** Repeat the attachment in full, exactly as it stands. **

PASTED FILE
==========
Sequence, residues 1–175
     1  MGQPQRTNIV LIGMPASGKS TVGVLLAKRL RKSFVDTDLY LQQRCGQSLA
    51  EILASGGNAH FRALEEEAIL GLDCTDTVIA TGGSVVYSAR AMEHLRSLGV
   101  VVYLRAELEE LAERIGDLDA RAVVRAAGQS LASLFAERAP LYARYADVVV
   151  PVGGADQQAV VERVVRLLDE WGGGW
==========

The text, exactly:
Sequence, residues 1–175
     1  MGQPQRTNIV LIGMPASGKS TVGVLLAKRL RKSFVDTDLY LQQRCGQSLA
    51  EILASGGNAH FRALEEEAIL GLDCTDTVIA TGGSVVYSAR AMEHLRSLGV
   101  VVYLRAELEE LAERIGDLDA RAVVRAAGQS LASLFAERAP LYARYADVVV
   151  PVGGADQQAV VERVVRLLDE WGGGW